A Professional Concern: the Patchwork Voice Actor
If you’re working with a professional UK voice-over artist, or if you are one, there are certain terms that you need to learn and be comfortable with to make sure jobs go smoothly.
One is the “BSF”, which means Basic Session Fee or Basic Studio Fee (i.e. the artist’s labour to record for an hour in a studio).
Another is the “usage”, which means the fee for how many people are going to hear the voice-over’s message.
And a third one is “pick-ups”, which are extra lines that are recorded if a script is changed later.
But there’s also a fourth term that you might like to bear in mind when working with a UK voice-over artist or voice actor.
And that is: “patchwork voice acting”, or the “patchwork voice actor”.
What is a Patchwork Voice Actor?
A “patchwork voice actor” or “patchwork voice-over artist” is a voice actor who’s unable read a script, without mistakes, in one go.
They also tend to struggle with bringing out the demands of a script, including things like vocal inflections, tone, energy and so on.
And because they struggle with these things, they also have difficulty reading to time, which means fitting the script into, say, 30 seconds.
So not only is a patchwork voice actor unable to deliver in one go; but they’re also unable to deliver on time.
It’s a bit like going internet shopping and clicking on ‘guaranteed next-day delivery’, only to get your items late, in separate deliveries, and with the contents squashed.
Not a great service, eh? And hardly professional.
How much does a patchwork voice actor cost?
I’ve worked as a professional UK voice-over artist more than 30 years – and I have to say that patchy delivery in the studio goes against everything I believe in.
Some people might say: “well, what’s the problem? These days, you can record the best bits and quickly stitch them together. So what? Things don’t have to be perfect like they were when voice actors were recording to tape”.
Well, that might be partly true, but what if the patchwork voice actor’s finished recording is not only made up of lines of text, but individual words or even syllables?
What if the recording took twice as long, took the producer twice as long to edit, and cost the client twice as much?
What if the client wasn’t exactly thrilled with the clunk and crunch of the different takes that had been stuck together?
What if the client was gritting their teeth during the recording session, wondering if they’d made the right decision with the voice?
What if the client was so disappointed with the overall experience that they scrapped the project and gave the work to another company?
And what if the client never worked with the original company or voice actor again?
Hmm… suddenly, the patchwork voice actor is making everyone look bad – not just them.
Patching things up
This got me wondering where these patchwork performers come from – and who else they’ve worked with.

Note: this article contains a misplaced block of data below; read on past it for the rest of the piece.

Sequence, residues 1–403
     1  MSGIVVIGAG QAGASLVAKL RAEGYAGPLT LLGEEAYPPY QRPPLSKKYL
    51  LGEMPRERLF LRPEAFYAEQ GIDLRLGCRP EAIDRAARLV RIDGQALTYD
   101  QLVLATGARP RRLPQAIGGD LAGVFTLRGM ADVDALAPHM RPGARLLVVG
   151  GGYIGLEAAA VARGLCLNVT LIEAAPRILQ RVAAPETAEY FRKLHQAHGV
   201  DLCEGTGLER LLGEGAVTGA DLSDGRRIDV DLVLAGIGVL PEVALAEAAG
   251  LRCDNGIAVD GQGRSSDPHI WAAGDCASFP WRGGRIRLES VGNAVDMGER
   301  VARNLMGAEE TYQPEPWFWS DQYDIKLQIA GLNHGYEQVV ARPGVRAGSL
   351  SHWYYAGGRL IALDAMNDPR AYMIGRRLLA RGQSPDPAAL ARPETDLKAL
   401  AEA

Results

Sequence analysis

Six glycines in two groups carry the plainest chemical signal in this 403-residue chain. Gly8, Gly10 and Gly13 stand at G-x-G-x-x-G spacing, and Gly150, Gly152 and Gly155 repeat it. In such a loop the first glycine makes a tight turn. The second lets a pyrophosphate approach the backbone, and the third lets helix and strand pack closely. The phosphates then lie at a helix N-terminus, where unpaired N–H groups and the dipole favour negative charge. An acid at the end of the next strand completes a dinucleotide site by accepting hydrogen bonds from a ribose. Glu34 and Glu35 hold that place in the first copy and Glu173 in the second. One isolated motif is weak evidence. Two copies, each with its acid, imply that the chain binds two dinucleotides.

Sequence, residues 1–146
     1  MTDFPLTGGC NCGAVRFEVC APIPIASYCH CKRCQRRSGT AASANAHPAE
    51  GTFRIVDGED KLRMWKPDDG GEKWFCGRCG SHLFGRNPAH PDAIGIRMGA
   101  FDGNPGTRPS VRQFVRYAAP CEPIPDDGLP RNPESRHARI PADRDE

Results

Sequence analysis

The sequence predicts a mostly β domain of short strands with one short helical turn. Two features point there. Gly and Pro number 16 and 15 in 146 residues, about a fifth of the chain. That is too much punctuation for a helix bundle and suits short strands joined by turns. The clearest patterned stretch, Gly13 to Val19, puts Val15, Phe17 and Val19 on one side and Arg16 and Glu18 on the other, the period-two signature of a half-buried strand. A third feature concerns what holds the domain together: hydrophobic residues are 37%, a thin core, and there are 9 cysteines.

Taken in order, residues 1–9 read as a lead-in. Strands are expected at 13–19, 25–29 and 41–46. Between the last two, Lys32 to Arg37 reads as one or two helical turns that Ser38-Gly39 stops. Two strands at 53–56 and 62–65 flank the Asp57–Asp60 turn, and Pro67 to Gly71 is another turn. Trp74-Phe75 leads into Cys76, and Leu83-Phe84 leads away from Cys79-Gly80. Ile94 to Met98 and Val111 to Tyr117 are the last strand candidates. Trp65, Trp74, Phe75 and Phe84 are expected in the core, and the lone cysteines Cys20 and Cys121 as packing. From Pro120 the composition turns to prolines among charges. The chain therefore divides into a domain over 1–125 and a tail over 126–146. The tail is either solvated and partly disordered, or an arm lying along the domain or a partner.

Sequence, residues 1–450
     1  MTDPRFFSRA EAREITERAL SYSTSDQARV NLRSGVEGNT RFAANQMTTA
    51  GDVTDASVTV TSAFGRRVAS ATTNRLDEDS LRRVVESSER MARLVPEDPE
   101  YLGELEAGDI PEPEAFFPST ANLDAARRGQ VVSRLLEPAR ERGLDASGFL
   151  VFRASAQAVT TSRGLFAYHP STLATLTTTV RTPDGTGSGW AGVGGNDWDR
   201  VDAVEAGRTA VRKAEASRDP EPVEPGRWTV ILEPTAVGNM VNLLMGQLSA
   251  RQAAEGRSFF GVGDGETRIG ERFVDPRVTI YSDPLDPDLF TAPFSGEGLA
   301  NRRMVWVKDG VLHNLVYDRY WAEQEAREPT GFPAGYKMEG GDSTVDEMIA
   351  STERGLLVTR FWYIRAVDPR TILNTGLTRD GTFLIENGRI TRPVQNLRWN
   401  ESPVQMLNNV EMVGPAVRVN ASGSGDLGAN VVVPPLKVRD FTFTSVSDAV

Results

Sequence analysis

Well, I soon found out.
The other day, I worked with a new customer on a voice-over project.
At the beginning of the recording session, I was asked if I wanted to record the script “line by line” – to supposedly help my “breathing”.
Of course, I had to politely decline the offer, because, well, after 30+ years of voicing, I knew pretty darn well how to creatively interpret a script, breathe in the right places, and do it all to time.
So I recorded my first take.
“Tanya…” said the voice at the end of the line.
“Yes”, I replied.
“That was bang on 30 seconds”.
That’s great, I thought to myself. It was meant to be!
What a confusing recording session. Why was this person so surprised that I could read the script to time? And why did they ask if I wanted to do it “line by line”?
There can only be one answer to these questions, really, and that is: it should be normal for a professional UK voice actor or voice-over artist to interpret scripts alone and/or with direction, and to be able to read to time.
To continue the story, I recently recommended one of my Richcraft voice-over coaching graduates for a job that required two voices: male and female. I’m pleased to say that he performed his parts perfectly. His counterpart (who was not a graduate of mine and was supposed to be an established professional voice) wasn’t so lucky, though. Her takes, I am told, took two hours – and were literally patched together into the final commercial.
Patchwork voice-over demos and voice-over showreels
If you’re looking to work with a voice-over artist, you should be aware that this kind of patchy work can also be found in voice-over demos and showreels.
For those not in the know, a voice-over demo or a voice-over showreel is a compilation of audio clips of an artist’s actual paid work, or recordings that have been professionally produced using scripts designed to show off their talents.
However they’re put together, they should be able to demonstrate what a voice-over artist can do in a professional setting.
What they shouldn’t be, of course, is a patchwork of patchy performances. So if an artist can’t reel their off scripts in one go, with good dramatic interpretation, and to time, and if they have other weaknesses in their voice like soft Rs or sibilant S sounds, then really, they should not be recording a showreel with the aim of getting professional work. They’re not ready and would be better off spending their showreel budget on extra vocal lessons.
So to all clients, agents, casting directors, producers, and students – please, take it from me: be mindful of being, or working with, a patchwork voice actor. Yes, audio can be easily stitched together these days, but a voice-over’s ability to nail a handful of takes will always ensure that projects pass off smoothly and are delivered on time and on budget.
Yours, because I want the best for you and your business,
International Voice-over Artist